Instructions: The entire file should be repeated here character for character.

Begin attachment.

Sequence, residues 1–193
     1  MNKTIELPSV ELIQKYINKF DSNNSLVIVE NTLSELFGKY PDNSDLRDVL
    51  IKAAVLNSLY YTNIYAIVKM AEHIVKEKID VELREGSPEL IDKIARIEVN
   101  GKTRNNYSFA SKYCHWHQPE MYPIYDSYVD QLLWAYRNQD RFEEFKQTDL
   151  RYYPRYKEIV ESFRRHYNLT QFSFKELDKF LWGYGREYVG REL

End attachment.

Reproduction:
Sequence, residues 1–193
     1  MNKTIELPSV ELIQKYINKF DSNNSLVIVE NTLSELFGKY PDNSDLRDVL
    51  IKAAVLNSLY YTNIYAIVKM AEHIVKEKID VELREGSPEL IDKIARIEVN
   101  GKTRNNYSFA SKYCHWHQPE MYPIYDSYVD QLLWAYRNQD RFEEFKQTDL
   151  RYYPRYKEIV ESFRRHYNLT QFSFKELDKF LWGYGREYVG REL